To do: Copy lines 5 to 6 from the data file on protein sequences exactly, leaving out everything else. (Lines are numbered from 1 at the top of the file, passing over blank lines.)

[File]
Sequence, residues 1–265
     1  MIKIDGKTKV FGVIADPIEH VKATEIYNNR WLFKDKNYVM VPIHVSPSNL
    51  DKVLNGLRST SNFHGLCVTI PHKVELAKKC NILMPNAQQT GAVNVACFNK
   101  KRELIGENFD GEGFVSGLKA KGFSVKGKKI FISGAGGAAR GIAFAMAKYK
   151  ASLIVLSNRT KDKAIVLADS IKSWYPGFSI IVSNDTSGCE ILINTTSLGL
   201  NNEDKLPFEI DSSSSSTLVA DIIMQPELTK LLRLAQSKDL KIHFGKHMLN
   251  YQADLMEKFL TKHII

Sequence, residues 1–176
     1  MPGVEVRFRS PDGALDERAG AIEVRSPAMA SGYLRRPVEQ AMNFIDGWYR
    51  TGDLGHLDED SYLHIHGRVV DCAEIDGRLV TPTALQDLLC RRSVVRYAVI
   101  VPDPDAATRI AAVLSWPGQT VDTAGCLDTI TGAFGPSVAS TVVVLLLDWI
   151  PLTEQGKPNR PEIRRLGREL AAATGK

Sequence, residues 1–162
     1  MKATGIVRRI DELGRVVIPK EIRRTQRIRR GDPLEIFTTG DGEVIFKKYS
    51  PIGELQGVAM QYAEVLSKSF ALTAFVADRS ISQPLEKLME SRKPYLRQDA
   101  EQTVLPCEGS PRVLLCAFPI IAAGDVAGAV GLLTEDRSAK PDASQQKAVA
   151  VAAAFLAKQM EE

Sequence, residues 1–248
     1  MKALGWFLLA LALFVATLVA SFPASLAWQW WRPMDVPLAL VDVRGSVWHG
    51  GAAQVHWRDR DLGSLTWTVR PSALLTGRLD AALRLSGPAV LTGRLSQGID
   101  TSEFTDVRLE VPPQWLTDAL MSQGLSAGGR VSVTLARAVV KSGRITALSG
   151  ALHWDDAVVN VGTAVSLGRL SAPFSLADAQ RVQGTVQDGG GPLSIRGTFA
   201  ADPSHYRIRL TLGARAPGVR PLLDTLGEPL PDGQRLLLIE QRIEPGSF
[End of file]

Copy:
   151  ASLIVLSNRT KDKAIVLADS IKSWYPGFSI IVSNDTSGCE ILINTTSLGL
   201  NNEDKLPFEI DSSSSSTLVA DIIMQPELTK LLRLAQSKDL KIHFGKHMLN